With the ongoing shift in healthcare towards a value-based care model, the concept of remote patient monitoring (RPM) for chronically ill patients certainly grabbed attention throughout 2019. By introducing new reimbursement codes for RPM in late 2019, the Centers for Medicare & Medicaid Services (CMS) is clearly inviting the increased use of RPM, presumably made possible with telemedicine, in 2020. Some experts view 2019 as the trial run for RPM reimbursement; now that the CMS has officially endorsed RPM, albeit in limited capacities, 2020 is expected to see a significant rise in the adoption of RPM programs. However, current limitations in technology and software could curb growth, warn industry watchdogs. Read more

Telemedicine coverage illustrated by private payer administrator paying telemedicine doctor

Telemedicine Coverage Growing Rapidly, Says ATA Survey

The results are in: 80 percent of US states have taken action to improve telemedicine coverage or reimbursement over the last two years, according to the American Telemedicine Association’s latest survey of state laws and policies. However, each state is working alone in implementing these changes, forcing physicians who practice in more than one state to juggle confusing guidelines. Read more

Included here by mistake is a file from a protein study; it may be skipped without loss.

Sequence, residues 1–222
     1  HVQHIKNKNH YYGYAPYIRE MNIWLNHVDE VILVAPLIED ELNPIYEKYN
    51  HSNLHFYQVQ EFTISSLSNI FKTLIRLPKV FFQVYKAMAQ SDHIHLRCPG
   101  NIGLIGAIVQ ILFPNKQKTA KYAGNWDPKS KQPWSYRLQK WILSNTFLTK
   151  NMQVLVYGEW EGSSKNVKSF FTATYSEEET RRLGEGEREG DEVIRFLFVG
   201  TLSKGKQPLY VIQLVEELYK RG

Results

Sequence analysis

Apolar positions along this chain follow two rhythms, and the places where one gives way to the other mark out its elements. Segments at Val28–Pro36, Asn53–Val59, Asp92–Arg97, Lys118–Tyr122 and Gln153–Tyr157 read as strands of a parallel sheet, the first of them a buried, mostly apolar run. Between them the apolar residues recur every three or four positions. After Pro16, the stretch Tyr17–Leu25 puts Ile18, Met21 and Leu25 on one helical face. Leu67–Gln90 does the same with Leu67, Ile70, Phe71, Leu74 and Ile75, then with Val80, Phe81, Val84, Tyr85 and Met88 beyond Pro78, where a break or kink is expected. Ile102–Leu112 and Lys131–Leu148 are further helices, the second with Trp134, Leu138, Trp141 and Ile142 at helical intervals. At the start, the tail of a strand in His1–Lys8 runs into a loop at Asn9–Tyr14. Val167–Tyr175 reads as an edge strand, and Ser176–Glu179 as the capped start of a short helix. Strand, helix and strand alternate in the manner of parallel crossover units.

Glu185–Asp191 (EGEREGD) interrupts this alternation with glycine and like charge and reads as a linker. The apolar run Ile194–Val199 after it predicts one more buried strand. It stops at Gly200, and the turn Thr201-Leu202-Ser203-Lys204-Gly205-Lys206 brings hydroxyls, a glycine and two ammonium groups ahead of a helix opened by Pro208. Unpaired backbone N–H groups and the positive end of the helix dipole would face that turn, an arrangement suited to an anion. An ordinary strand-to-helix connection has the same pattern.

Doctor at desk talking to patient with telemedicine solutions

Will Telemedicine Solutions Ease Physician Shortage?

For the next 20 years, three million baby boomers will reach retirement—each year, according to Advisory Board. Today, one in five people already lives in an area with a shortage of primary care physicians, and some hospitals are already experiencing a shortage of specialists; what will happen when we keep adding more patients than doctors to the healthcare system? Many experts, such as the Association of American Medical Colleges, predict that the shortage will only worsen. In a proactive effort to alleviate the problem and increase patients’ access to physicians, some hospitals and health systems have begun encouraging their patients to use telemedicine solutions instead of traveling to the doctor’s office, thus enabling physicians to see more patients more efficiently. Read more

ambulance with telemedicine reimbursement

Ambulances in Line for Telemedicine Reimbursement

Starting early next year, the U.S. Department of Health & Human Services (HHS) will begin a trial program with new financial incentives, including telemedicine reimbursement, to encourage emergency medical services (EMS) to use telemedicine and transport Medicare and Medicaid patients to clinics other than the emergency room. Currently, only visits to hospitals, skilled nursing facilities, and dialysis centers are reimbursed, even when a lower-acuity destination may be more appropriate. The goal is two-fold: to promote a value-based payment system and to reduce unnecessary ER visits and hospitalizations. Read more